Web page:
By: Tim Dwenger
Inspired by the 70's funk and groove of Jimmy McGriff, Groove Holmes and The Meters, jazz guitarist Eddie Roberts and drummer Simon Allen have been striving for nearly ten years to hone their sound into something that moves dance floors in a way that few other instrumental bands can.
| The New Mastersounds|
They began life as the guitar-centric Mastersounds before quickly realizing that the sultry churn of a Hammond B3 was essential to the sound they were seeking. Though the band only lasted a couple of years and recorded only one single, it laid the foundation for a longstanding musical relationship between the pair. Roberts and Allen struck out on their own and soon crossed paths with Hammond player Bob Birch and bassist Pete Shand, and The New Mastersounds were born.
Their sound is a tight mix of jazz and funk that comes to life in the hands of these talented players. While their fondness for jazz is obvious, it's the groove Shand and Allen lay down that holds the whole thing together and keeps the wheels on when Roberts stretches out.
Though they are based in Leeds, England, Roberts says the U.S. and Europe are the most promising market for the band. They've been playing club nights and gigs around the U.K. since their inception in 2000 and though things have always gone relatively well, the scene can't support them playing more than three or four times a year in the major cities. As a result, they were forced to hop the channel early on and expose music fans in Europe to their sound. It was touch and go for a while but recently things seem to be picking up a bit for The New Mastersounds.
"We are having more records released in Europe these days. There are more labels taking an interest and actually starting to license our albums for the individual countries rather than before when we were releasing them on a U.K. label and selling them on import into the different European countries, which is harder because there is nobody on the ground selling it for you," says Roberts.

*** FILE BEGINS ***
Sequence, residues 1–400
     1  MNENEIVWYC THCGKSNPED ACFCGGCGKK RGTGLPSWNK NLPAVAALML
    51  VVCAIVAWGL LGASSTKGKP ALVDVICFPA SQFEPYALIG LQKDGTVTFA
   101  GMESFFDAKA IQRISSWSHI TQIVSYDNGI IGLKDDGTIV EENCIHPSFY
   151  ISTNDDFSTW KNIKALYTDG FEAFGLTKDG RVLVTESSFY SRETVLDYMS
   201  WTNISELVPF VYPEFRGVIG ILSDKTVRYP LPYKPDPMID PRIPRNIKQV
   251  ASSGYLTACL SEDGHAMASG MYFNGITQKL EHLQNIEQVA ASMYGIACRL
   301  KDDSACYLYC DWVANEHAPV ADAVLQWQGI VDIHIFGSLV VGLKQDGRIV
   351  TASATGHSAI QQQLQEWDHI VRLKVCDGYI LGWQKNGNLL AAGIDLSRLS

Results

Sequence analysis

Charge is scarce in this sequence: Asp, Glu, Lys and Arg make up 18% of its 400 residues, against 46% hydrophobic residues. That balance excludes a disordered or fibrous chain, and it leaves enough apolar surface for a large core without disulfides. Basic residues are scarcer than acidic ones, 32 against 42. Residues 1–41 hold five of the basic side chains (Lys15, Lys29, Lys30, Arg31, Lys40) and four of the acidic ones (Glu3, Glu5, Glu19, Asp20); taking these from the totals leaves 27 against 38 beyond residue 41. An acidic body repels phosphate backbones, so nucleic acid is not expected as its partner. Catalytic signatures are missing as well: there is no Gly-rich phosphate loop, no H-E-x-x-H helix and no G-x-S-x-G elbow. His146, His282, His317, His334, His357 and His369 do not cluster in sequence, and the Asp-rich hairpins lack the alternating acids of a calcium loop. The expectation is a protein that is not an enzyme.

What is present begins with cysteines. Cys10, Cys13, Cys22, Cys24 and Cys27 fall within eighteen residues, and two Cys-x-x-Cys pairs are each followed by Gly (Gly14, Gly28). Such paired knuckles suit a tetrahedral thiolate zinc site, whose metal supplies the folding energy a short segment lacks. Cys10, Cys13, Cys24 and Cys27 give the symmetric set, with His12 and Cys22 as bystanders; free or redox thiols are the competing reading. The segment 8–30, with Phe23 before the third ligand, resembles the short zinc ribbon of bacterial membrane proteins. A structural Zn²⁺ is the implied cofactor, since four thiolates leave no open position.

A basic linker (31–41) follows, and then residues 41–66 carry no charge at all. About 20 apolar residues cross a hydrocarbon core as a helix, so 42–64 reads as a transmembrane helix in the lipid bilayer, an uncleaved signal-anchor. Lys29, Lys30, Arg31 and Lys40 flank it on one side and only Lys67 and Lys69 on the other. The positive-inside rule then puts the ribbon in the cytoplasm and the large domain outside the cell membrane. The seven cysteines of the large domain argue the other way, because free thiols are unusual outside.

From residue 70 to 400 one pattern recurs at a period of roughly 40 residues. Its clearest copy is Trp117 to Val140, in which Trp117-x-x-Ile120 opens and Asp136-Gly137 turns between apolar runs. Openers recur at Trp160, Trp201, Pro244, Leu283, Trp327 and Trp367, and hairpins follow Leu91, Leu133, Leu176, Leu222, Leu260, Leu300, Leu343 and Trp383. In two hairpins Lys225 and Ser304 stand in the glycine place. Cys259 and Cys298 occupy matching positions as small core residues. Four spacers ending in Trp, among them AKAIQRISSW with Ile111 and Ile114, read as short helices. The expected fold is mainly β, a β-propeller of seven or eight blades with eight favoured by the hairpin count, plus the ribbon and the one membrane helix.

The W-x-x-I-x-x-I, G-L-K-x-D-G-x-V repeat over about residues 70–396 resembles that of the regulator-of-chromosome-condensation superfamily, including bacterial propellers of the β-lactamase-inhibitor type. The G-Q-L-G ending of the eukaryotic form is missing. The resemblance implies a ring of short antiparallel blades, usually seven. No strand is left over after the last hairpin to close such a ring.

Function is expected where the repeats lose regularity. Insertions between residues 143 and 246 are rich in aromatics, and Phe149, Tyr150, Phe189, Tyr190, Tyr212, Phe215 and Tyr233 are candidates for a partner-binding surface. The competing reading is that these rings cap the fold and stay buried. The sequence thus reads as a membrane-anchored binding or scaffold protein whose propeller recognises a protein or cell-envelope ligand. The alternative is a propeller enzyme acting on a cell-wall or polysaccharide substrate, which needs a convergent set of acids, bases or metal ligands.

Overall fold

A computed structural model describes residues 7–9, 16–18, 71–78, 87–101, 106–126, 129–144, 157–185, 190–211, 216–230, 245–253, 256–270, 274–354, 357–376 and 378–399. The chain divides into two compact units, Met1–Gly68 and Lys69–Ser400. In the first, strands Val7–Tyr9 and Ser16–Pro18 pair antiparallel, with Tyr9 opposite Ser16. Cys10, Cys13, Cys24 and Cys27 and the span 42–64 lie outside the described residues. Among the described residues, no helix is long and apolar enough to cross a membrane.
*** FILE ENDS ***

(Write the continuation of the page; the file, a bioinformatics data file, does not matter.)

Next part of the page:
| Eddie Roberts by Yusuke Kitamura|
The increased exposure around Europe has paid off with Italian label Record Kicks taking some serious interest in the band. Record Kicks knew that The New Mastersounds' tight funk-based sound would be perfect for the clubs if it were remixed by some of the scene's best DJs.
"They approached us saying, 'We'd like to release a remix album. How 'bout it?' We were like, 'Yeah, great.' Then they asked us if we could sort it out and we kinda turned it back on them," Roberts says. "We've tried to get remixes done in the past and it is difficult because everyone is so busy, and to pull a project like that together takes so much time and effort. It's just not our thing. We were busy making a new album and touring and everything, so we told them they could run with it and we would be happy to provide all the tracks and send them out to who ever wants to do what. They ended up pulling it together and it was relatively easy for us. I just had to dig out all the separates for every track and get them out."
It wasn't until the project was finished that Roberts got to hear the results. As chance would have it, he heard it for the first time in exactly the right setting.
"We were in France. I [had] stayed at the bar late night having a few drinks after our set and Simon had given a copy of the album to the DJ who ended up just putting it on. I was talking and all of a sudden I was like, 'I know this tune.' I didn't realize he had put the album on, so back-to-back there were all these tunes I knew and I was getting so confused," laughs Roberts. "It was really nice to hear it in the club environment, which is what it is made for, as opposed to hearing it at home for the first time. The dance floor was full and people were just going for it. They weren't batting an eyelid, and they were dancing like it was all different music. It was only really me that knew what was going on."
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